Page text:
Shalom noted that decision makers do not have a unified position on an Iran attack, and that even though the prime minister and defense minister carry a great deal of clout, they cannot make the decision to attack Iran on their own.
In contrast to the Likud's line, Meretz MK Ilan Gilon said that, "Diskin is not the only one who is having trouble sleeping at night. Unlike the nonsensical and empty declarations that Netanyahu and Barak are trying to sell us, the real threat to us is not coming from the Palestinians or Iran, but from the incompetence of Israel's faulty leadership and the poor judgment it displays."
Opposition leader Shaul Mofaz told Army Radio on Sunday that Diskin's comments "came from a place of deep concern. The heavy criticism against him indicates that someone is afraid to confront the things he speaks of." Diskin's remarks should be treated seriously, Mofaz said.
Kadima MK Israel Hasson, a former deputy head of Shin Bet, told Israel Radio that the trust between the defense establishment and the prime minister should not be broken. He said Netanyahu should be concerned over comments made by heads of security organizations who have finished their terms.
Diskin meanwhile said he would not retract his comments and that he was aware his remarks were being recorded on Friday, Israel Radio reported Sunday.
He told confidants that he will choose the time and place to react to the criticism of his remarks.
Israeli security officials have taken issue with the political leadership on several issues: whether sanctions on Iran will make a strike unnecessary, whether a strike will be militarily effective, and whether Israel should strike unilaterally if it cannot gain American approval.
One of the first criticisms voiced by a security figure came last summer from Israel's recently retired spy chief, Meir Dagan. He called a strike against Iran's nuclear program "stupid." Dagan said an effective attack on Iran would be difficult because Iranian nuclear facilities are scattered and mobile, and warned it could trigger war.
Other senior figures with security backgrounds have questioned whether Israel should act alone, as Netanyahu insists the country has a right to do.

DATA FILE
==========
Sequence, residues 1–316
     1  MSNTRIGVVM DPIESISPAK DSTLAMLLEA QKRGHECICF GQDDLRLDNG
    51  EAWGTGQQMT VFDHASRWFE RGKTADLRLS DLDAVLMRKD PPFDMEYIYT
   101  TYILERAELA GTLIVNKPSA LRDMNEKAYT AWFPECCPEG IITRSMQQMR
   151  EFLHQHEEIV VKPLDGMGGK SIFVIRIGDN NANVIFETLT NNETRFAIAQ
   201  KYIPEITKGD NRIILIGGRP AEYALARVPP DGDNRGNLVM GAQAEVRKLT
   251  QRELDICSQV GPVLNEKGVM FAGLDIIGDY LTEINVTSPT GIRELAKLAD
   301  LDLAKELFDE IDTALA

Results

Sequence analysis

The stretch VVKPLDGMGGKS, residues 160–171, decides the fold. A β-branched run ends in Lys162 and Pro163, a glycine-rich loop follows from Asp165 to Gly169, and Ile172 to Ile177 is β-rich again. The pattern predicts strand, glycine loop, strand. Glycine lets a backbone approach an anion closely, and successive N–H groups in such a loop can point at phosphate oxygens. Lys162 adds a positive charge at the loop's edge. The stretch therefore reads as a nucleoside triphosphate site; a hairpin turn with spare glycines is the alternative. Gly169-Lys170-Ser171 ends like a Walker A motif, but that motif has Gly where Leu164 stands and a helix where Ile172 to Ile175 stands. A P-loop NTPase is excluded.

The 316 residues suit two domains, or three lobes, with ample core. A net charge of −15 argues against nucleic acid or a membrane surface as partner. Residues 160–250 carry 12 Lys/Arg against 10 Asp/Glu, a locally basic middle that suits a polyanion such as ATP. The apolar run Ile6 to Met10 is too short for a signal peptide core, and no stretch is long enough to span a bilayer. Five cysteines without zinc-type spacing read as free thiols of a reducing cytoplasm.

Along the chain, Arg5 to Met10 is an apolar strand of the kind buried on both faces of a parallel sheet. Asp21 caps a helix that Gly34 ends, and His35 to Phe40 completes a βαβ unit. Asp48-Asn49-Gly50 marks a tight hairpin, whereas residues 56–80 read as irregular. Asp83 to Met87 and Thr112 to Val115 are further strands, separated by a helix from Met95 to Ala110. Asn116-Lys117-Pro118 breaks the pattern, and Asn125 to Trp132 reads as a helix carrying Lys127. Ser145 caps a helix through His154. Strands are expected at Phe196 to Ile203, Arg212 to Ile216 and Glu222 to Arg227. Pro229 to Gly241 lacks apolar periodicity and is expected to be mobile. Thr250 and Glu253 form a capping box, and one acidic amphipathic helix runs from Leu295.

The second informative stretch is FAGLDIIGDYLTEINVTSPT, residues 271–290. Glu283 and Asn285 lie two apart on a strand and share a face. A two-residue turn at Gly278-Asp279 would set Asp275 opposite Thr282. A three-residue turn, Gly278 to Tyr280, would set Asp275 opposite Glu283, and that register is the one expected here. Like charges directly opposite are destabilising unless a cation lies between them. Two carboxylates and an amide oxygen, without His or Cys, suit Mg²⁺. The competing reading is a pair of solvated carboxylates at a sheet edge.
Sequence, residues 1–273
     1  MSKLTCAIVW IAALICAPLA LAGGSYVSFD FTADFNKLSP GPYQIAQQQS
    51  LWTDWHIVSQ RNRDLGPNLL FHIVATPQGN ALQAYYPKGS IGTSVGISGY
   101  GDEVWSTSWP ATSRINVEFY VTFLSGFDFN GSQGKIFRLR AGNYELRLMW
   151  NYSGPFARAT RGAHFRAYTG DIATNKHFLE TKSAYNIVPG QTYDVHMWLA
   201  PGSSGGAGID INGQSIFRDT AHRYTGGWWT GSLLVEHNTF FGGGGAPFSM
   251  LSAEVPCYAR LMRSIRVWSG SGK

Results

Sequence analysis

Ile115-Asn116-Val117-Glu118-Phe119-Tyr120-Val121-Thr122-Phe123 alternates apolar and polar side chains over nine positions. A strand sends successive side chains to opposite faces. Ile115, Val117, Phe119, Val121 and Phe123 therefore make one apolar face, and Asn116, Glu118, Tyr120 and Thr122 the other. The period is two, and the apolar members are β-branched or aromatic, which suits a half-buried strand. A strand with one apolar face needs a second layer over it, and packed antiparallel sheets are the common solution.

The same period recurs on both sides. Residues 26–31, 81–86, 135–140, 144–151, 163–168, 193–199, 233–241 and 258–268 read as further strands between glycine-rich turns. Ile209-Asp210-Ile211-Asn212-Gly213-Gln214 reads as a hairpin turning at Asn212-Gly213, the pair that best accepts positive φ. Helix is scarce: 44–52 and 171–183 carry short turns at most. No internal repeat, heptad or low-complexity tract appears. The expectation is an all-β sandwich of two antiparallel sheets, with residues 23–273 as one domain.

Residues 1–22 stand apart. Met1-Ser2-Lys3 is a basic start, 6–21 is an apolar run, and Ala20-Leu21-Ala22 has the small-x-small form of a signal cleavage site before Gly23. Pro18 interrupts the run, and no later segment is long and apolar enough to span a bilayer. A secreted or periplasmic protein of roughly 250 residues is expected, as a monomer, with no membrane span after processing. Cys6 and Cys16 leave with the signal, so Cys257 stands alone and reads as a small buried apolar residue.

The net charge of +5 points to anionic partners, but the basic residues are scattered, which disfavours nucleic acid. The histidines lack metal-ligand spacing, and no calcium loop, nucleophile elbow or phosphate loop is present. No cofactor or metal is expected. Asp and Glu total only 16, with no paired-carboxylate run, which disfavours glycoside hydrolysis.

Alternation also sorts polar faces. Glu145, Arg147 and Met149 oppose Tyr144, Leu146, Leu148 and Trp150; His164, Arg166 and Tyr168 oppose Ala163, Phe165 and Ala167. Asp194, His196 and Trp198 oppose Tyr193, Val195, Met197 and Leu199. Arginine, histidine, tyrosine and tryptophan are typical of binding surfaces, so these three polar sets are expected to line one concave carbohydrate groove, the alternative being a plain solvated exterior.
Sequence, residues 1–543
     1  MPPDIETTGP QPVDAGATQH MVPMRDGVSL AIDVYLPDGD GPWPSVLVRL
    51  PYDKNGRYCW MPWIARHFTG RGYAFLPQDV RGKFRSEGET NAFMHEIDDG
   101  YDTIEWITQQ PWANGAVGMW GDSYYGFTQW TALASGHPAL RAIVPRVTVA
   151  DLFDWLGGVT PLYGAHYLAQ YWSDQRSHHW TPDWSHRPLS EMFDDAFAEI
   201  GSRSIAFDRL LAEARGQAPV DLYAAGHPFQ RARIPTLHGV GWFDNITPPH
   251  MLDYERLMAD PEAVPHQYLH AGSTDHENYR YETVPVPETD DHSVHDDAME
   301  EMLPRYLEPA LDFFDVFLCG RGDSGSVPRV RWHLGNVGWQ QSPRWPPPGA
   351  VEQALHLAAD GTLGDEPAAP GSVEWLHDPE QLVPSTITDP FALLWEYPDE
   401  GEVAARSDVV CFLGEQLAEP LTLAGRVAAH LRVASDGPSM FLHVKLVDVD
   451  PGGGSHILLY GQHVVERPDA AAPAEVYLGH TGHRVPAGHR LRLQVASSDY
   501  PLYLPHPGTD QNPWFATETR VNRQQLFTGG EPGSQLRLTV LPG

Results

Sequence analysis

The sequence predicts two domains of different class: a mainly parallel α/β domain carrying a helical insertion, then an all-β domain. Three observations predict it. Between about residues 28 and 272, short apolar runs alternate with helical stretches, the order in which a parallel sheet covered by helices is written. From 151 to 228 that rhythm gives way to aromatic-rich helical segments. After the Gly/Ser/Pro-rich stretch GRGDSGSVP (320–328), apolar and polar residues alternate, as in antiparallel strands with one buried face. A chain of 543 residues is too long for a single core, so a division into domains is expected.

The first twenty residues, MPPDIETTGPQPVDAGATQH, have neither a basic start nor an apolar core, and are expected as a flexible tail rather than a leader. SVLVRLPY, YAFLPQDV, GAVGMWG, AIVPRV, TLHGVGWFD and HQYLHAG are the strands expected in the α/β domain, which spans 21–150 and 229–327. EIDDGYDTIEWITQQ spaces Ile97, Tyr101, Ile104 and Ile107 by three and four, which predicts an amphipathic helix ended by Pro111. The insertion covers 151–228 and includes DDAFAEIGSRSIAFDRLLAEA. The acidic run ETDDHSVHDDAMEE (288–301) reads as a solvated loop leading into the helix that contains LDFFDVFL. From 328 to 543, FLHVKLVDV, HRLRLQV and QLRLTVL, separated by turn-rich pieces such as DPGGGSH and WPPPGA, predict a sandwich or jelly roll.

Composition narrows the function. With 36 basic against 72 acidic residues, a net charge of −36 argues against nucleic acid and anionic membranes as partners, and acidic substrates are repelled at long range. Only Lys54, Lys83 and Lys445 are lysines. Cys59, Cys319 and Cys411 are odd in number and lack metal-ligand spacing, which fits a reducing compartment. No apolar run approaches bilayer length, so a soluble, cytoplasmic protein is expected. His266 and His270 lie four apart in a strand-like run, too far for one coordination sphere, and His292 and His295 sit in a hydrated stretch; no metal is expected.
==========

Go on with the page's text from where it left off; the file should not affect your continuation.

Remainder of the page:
Last month, Shaul Mofaz — a former military chief and defense minister who has since been elected head of the opposition Kadima Party — said the threats of an imminent military strike are actually weakening Israel. Mofaz said Israel "is not a ghetto" and that despite its military might it must fully coordinate with the U.S. on any plan to strike Iran.
Dan Halutz, who led the military from 2005 to 2007, also criticized Netanyahu last month for invoking Holocaust imagery in describing the threat posed by a nuclear-armed Iran. "We are not kings of the world," Halutz said. "We should remember who we are."
A recent poll suggested the public agrees. The survey, conducted by the Israeli Dahaf agency for the University of Maryland, said 81 percent of Israelis oppose a solo attack on Iran. At the same time, it said two-thirds of Israelis would support military action if coordinated with Washington. The poll, released last week, questioned 500 Israelis and had a margin of error of 4.3%.
In a recent report, the U.N. nuclear agency found Iran continues to enrich uranium — a key step toward developing a bomb. Although few in Israel would dispute that a nuclear-armed Iran is an existential threat, debate has revolved around the cost-benefit analysis of an attack.
On the cost side is the possible retaliation, in the form of Iranian missiles as well as rocket attacks by Iranian proxies Hezbollah and Hamas on its northern and southern borders. Especially daunting is the prospect of sustained missile strikes on Tel Aviv, a bustling business and entertainment capital whose populous is psychologically ill-prepared for a homefront war.
An attack on Iran also would likely cause oil prices to skyrocket at a time when the global economy is already struggling — risking a new recession for which Israel would absorb much if not most of the blame. Some also fear that Iran might attack American targets in response to any Israeli strike — a scenario that could directly influence the outcome of this fall's U.S. presidential election.